Even though we’ve figured out how to put man on the moon, our entire lives on our phones, and the guy from The Apprentice in the White House, it’s pretty incredible that we still haven’t found concrete proof of life on other planets. I mean, yeah, scientists have offered tantalizing maybes over the years, like fossils on Mars and Earth-like rocky worlds, both of which could suggest that maybe there’s sorta the possibility of some living, breathing organism in the nether regions of the universe that we’ll never actually find.
But doesn’t it seem like at this juncture of space exploration, we really should’ve discovered some friggin’ three-eyed, tentacle-waving, anal-probing, “take-me-to-your-leader”-type aliens by now? I mean, we couldn’t even track down one of those suckers?
Still, we’ll never stop reporting on promising developments in humanity’s potentially futile search for extraterrestrials, even if they’re more of the, “Hey look, there’s a cool chemical on Saturn or something” variety than the, “OH SHIT, WE’RE BEING INVADED BY HEPTAPODS” kind. This is a story about the former.
Scientists have just revealed that Saturn’s moon Titan contains a molecule in its atmosphere that could help cells form, hinting that some kind of cellular life could exist on the moon itself, according to our smart friends at The Verge. The chemical compound is called vinyl cyanide, which is frighteningly close to the name of a punk band I saw at a basement show in 2003. Astronomers recently used the world’s most powerful telescope array in Chile to confirm that a whole lot of it is hanging out in Saturn’s upper atmosphere. The molecule, not the band, though the cold reaches of space would probably be more habitable than certain squats favored by crust punks.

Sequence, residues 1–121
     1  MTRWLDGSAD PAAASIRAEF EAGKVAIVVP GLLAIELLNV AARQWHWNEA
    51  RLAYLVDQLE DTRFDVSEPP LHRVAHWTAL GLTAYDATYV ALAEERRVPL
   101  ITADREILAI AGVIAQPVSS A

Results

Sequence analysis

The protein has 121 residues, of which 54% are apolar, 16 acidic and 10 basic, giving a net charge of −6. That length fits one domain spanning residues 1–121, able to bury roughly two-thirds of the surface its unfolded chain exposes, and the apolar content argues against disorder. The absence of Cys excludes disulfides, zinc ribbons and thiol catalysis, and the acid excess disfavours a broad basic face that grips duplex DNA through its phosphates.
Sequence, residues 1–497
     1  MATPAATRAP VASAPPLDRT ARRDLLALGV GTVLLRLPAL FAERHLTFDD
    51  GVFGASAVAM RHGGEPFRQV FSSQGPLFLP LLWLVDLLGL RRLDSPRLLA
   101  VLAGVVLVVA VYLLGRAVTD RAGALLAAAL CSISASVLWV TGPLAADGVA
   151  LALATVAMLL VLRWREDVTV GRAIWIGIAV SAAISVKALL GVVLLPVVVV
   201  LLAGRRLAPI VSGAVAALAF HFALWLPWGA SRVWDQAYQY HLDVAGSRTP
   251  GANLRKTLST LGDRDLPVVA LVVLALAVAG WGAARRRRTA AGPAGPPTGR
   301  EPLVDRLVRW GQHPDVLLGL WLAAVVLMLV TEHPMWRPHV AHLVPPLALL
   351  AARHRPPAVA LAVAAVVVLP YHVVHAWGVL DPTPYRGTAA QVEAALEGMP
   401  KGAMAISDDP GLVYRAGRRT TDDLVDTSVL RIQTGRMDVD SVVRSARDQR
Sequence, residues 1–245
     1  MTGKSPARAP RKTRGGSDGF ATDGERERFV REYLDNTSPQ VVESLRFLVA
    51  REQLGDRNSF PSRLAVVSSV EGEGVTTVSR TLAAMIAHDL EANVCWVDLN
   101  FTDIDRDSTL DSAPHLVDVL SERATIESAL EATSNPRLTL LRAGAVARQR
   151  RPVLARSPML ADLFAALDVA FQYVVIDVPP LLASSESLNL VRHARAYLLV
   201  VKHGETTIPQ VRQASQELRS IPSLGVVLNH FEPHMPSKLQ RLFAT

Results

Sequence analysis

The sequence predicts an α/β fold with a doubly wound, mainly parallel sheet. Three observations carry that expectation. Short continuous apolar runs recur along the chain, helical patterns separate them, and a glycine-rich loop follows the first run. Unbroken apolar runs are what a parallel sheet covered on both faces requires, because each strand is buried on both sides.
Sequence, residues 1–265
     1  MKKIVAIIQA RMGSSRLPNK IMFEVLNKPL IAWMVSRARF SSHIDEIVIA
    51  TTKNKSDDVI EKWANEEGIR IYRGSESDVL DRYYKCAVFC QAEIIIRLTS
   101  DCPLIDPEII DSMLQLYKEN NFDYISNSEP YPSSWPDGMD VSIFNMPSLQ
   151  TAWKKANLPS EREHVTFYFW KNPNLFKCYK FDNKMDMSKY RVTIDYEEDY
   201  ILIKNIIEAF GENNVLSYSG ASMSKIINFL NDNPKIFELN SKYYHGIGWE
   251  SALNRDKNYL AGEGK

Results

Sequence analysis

You can read their whole report in the journal Science Advances, but it isn’t exactly Highlights magazine, so here are the crucial details: We know Titan has liquid methane lakes, and scientists believe methane goes through the same weather cycle as here on Earth. The methane turns into droplets in the atmosphere, per The Verge, which fall as rain to the surface. Vinyl cyanide may latch onto the droplets, land in Titan’s lakes, and form cell membranes.
Apparently Titan has a crap ton of vinyl cyanide—potentially enough to produce 10 million cell membranes per cubic centimeter in a huge lake on the moon’s surface. Researchers say these membranes could be flexible enough for the cells to divide and reproduce.
Hey, it’s a start. The next step is to send a probe to Titan’s methane lakes to see what’s actually going on inside. There’s been some discussion of that, study coauthor Maureen Palmer, an astrochemist at NASA, told The Verge, but nothing concrete yet. Still, Palmer spoke for us all when she said, “That’d be really cool to see.”
Yes. It would. And you know what else would be really cool to see? A goddamned alien already.